Cruz Doubles Down on ‘New York Values’ Attack in Big Apple

Republican presidential candidate Sen. Ted Cruz, R-Texas speaks Tuesday, Jan. 12, 2016, during a campaign stop at Granite State Indoor Range in Hudson, N.H. (AP Photo/Matt Rourke)
Matt Rourke/AP

At a GOP debate in January many thought Texas Senator Ted Cruz made a gaffe when he threw out the phrase “New York values” as an attack on frontrunner Donald Trump. Now that the New York primary is finally at hand, the Senator is taking yet another stab at explaining what the phrase means to help smooth the way for Empire State Republicans to pull the Cruz lever.

During the January 14 debate, Cruz tried out his “New York values” taunt, seeming to assume that most Republicans would understand what he meant. They didn’t.

Only a day after his massive win in Wisconsin and as frontrunner Donald Trump breaks the crucial fifty percent mark in New York polling, Cruz is left struggling in third place behind Gov. John Kasich.

And after holding a poorly attended event in New York City, Cruz was once again pressed to answer to his “New York values” jab.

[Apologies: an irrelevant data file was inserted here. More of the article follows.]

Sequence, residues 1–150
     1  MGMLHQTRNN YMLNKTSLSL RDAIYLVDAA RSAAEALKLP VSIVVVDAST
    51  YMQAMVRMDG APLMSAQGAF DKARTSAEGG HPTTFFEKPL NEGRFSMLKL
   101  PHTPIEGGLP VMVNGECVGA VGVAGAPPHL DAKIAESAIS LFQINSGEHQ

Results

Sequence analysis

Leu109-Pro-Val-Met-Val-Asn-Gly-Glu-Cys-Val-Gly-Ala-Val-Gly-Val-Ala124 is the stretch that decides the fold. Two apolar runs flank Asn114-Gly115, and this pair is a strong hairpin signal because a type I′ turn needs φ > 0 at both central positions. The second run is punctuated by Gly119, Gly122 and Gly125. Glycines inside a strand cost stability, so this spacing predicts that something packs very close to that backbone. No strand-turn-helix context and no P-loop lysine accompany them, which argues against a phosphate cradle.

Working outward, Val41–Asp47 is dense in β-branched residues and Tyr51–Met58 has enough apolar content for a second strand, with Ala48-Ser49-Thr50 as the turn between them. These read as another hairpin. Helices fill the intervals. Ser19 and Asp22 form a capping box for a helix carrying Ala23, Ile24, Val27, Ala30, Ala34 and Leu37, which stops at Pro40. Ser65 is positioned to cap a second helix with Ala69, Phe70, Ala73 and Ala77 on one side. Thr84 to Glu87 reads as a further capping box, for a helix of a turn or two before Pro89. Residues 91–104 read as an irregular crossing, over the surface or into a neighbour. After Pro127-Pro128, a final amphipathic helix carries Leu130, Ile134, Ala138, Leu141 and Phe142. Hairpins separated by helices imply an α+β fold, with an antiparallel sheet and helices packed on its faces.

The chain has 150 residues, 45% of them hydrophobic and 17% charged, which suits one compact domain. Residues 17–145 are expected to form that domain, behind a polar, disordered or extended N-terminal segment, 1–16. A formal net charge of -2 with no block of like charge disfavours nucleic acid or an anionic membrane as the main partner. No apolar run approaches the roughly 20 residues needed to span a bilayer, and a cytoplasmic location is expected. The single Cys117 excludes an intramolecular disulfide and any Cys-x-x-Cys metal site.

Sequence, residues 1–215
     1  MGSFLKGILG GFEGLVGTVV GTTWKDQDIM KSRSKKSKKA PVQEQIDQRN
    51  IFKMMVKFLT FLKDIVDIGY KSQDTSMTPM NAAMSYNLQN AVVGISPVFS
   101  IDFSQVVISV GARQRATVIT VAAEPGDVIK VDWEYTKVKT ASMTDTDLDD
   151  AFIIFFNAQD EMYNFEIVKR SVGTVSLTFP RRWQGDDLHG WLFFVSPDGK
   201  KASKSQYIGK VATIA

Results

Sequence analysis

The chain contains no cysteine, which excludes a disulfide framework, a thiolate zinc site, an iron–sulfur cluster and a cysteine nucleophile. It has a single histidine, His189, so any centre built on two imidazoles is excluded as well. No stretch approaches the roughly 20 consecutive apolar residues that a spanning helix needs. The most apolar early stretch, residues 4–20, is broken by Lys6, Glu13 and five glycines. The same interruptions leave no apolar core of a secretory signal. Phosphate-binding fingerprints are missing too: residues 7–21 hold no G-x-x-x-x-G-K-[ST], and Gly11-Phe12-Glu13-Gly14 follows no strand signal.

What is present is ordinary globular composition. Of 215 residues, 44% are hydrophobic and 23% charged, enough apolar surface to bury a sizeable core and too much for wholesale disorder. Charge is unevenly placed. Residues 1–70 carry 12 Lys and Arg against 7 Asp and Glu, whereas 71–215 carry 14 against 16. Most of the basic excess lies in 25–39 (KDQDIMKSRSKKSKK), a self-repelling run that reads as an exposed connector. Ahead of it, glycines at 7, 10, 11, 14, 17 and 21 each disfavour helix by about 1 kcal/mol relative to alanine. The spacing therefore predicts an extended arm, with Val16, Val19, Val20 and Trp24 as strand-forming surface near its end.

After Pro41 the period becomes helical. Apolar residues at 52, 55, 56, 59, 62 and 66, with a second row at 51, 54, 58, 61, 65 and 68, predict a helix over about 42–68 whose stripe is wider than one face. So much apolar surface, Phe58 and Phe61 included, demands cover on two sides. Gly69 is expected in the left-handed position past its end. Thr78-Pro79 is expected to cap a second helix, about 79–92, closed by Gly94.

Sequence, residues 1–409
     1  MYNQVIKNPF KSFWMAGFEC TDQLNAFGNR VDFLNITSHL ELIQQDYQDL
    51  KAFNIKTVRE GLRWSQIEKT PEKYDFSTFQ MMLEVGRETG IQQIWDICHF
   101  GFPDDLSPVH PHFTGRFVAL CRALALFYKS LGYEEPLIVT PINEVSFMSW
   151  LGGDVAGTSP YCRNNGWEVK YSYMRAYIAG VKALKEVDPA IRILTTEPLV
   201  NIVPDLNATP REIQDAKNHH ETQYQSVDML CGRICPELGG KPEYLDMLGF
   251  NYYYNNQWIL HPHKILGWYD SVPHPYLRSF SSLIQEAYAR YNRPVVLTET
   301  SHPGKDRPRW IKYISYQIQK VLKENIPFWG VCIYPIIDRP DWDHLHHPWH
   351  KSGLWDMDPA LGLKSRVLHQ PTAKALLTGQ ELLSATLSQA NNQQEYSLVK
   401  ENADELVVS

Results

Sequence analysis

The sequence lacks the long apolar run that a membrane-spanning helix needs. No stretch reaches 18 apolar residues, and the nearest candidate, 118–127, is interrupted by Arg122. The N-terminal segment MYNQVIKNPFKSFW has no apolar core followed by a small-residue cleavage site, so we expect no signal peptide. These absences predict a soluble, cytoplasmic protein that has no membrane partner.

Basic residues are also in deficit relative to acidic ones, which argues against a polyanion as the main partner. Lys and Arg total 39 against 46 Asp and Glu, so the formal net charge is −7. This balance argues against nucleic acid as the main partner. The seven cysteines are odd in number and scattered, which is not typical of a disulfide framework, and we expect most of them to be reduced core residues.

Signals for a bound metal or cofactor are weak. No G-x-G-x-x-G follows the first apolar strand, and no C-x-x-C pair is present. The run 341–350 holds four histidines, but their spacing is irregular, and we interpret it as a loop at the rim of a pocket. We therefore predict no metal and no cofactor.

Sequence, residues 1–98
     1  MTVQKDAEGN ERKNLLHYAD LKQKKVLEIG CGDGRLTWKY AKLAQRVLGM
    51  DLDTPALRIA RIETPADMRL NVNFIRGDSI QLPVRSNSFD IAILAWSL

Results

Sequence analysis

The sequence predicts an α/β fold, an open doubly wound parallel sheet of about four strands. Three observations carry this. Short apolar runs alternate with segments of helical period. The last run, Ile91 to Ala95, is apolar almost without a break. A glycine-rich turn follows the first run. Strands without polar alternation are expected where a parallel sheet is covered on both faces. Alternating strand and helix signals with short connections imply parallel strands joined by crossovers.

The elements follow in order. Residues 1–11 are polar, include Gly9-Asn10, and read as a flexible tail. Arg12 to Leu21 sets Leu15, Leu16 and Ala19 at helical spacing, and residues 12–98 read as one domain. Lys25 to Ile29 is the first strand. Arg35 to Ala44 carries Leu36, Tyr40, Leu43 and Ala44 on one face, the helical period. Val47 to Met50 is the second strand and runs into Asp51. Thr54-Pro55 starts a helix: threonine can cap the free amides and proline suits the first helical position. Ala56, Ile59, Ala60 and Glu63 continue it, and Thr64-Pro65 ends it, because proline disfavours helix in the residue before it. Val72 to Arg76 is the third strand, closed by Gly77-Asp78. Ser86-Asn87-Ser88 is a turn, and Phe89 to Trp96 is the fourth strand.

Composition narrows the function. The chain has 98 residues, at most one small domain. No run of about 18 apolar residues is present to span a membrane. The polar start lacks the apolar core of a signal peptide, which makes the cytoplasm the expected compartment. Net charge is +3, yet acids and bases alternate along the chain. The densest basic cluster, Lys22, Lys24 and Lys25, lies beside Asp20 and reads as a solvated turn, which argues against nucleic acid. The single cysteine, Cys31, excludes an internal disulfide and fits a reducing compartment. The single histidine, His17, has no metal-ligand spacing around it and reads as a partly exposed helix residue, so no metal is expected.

The Texan tried a new tack, this time linking his “values” comment to “liberal Democratic politicians” whose polices, he says, “have been hammering the people of New York for some time.”

According to The Hill, the Senator then went on to associate Donald Trump with a long list of destructive liberal politicos in the Empire State.

“The people of New York know exactly what those values are — they’re the values of liberal Democrats like Andrew Cuomo, like Anthony Weiner, like Eliot Spitzer, like Charlie Rangel, all of whom Donald Trump has supported,” Cruz explained.

Cruz went on to say these “values” could be found on the campaign money Trump has spread around over the decades. “If you want to know what liberal democratic values are, follow Donald Trump’s checkbook. He has been funding these policies,” he said.

This is one of the first times that Cruz has had to answer to New Yorkers face-to-face since he delivered his much-panned “New York values” line in January. If the polls in the state are any indication, not many New Yorkers are buying his explaining and re-explaining the comment.

Follow Warner Todd Huston on Twitter @warnerthuston or email the author at


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